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Sunday, December 27, 2009

The BLTN Series, 3: {The Hugo Finalists, Part 6 - The Novels: Anathem, by Neal Stephenson}



This should have been the Hugo winner in 2009.

There is no other way to put it.

Nobody is disputing Gaiman´s absolute mastery of the genre. Which genre? Every genre he decides to write, of course. From the great fantasy-cum-mythology mix he first presented to us with the Sandman series to the revamping of Rudyard Kipling´s Mowgli with 2009 Hugo Award-winning novel The Graveyard Book (read my review here). What I´m saying, however, is that Anathem should have won the Hugo.

Why? Because Anathem is a major undertaking at worldbuilding - it´s many novels in one. The story of Fraa Erasmas, an avout of an order of mathematicians and scientists in the world of Arbre, and the dangerous times in which he lives, is a melting pot of genres. What starts at a rather slow pace, like a 21st-version of A Canticle for Leibowitz (without the nuclear holocaust), takes us in a mathematical-astrophysical-philosophical journey, many times by means of dialogues not dissimilar to those written by Plato, and that´s a compliment - for those of you who may by any chance be yawning at that, rest assured that these dialogues are everything but boring: they are intriguing and mind-boggling. They recapture the sense of wonder that not every SF novel manages to transmit to the readers these days.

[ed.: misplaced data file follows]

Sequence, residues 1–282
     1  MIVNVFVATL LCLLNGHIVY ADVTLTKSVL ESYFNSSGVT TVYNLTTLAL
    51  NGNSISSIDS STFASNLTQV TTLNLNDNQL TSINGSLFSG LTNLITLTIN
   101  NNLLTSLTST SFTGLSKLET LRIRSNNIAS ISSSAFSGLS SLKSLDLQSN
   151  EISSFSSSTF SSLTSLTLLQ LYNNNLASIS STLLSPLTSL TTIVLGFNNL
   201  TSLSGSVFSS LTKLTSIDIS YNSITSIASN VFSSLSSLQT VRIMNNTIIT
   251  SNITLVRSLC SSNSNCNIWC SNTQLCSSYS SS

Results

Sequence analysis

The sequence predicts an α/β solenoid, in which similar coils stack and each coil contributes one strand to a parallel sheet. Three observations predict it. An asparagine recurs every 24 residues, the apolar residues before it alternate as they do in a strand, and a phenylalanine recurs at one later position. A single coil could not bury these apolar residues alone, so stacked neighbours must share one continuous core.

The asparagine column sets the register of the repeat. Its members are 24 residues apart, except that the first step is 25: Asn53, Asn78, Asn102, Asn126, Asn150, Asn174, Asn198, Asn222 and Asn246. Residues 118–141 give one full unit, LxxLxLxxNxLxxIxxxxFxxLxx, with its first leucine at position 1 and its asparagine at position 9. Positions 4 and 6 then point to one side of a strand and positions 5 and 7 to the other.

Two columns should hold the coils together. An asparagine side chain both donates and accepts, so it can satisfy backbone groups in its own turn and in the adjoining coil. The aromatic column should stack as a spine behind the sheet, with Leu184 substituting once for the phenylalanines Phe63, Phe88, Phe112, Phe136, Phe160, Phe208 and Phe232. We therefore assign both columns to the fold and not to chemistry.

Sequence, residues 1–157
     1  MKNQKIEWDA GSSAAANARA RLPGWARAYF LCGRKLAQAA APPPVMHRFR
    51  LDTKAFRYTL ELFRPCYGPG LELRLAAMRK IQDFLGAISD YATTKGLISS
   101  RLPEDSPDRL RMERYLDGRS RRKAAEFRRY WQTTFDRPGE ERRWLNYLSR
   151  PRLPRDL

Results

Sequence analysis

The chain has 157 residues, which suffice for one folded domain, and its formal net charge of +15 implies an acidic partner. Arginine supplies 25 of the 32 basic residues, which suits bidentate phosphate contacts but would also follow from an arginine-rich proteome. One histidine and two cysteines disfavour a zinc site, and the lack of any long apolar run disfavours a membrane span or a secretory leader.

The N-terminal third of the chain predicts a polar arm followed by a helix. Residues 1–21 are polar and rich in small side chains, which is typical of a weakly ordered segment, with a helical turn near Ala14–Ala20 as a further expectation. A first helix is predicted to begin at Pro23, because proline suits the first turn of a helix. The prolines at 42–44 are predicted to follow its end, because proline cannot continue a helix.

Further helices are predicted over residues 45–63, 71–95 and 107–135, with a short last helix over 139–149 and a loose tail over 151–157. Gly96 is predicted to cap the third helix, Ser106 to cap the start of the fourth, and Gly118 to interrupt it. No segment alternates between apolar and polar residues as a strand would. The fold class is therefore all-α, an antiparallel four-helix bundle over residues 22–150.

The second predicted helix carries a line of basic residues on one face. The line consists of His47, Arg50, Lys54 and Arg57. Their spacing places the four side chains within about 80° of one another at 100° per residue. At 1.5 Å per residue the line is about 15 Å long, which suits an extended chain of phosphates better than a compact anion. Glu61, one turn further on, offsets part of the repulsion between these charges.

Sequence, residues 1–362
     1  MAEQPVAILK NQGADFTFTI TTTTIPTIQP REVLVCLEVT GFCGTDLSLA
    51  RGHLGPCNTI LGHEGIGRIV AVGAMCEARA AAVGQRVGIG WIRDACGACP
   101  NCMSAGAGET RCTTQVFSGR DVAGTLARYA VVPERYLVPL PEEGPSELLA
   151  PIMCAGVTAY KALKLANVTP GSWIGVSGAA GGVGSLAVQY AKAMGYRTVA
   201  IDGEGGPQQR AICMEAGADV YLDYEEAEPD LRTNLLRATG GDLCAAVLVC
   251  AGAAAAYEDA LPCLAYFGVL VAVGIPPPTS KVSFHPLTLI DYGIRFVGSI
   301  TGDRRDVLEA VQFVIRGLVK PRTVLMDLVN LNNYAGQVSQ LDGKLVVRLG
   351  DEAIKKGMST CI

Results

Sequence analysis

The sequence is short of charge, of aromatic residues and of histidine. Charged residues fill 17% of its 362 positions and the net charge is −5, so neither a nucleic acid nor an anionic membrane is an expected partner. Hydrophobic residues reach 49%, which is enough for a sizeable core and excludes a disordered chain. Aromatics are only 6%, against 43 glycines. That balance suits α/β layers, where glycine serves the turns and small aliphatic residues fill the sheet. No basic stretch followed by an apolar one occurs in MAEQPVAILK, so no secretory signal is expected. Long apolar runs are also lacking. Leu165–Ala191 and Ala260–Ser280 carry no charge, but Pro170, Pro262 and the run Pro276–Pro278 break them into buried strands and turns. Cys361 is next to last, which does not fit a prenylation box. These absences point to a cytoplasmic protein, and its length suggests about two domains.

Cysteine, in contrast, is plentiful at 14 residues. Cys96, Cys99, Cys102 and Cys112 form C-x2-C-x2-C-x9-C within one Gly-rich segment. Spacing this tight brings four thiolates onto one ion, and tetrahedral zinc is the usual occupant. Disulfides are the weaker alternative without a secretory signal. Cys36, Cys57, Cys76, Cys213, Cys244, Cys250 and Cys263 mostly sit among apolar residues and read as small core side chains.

But not everything in the 900+ pages of Anathem is reduced to dialogue - there´s also plenty of action and destruction. There´s road trips through arctic regions, there´s high-tech, there´s intrigue, space travel, and also lots of jargon specific of the world of Arbre - a world similar to Earth in many things, but not the same.

And there´s surprises all along the story. For Anathem is a page-turner, despite its size. It´s weird to write so small a review in order to describe a novel of this magnitude, but the truth is: there´s only two ways one can write about Anathem properly: via a short review with no spoilers or a big scholarly paper analyzing the complexity of Stephenson´s prose. This novel deserves it. And you, reader, deserves to read it.

(And, come on, how could we have missed the opportunity to listen to Neal Stephenson read the acceptance speech in Orth (one of the major languages of the people of Arbre)?

(Published originally in Post-Weird Thoughts)

2 comments:

CroakerBC said...

Sorry but I just don't get it. You started off by talking about Neil Gaiman then suddenly it becomes a review of Neal Stephenson's Anathem?
Is this some sort of gimmick or something? Some new reviewing device? I am completely puzzled. Or maybe I smoked too much and the last of my brain cells just died 5 minutes ago :)

CroakerBC said...

Oh right, silly me. I got it now. Sorry about all that. The guy told me "this is very strong weed" but I didn't believe him. He was right and so are you!! My bad!!

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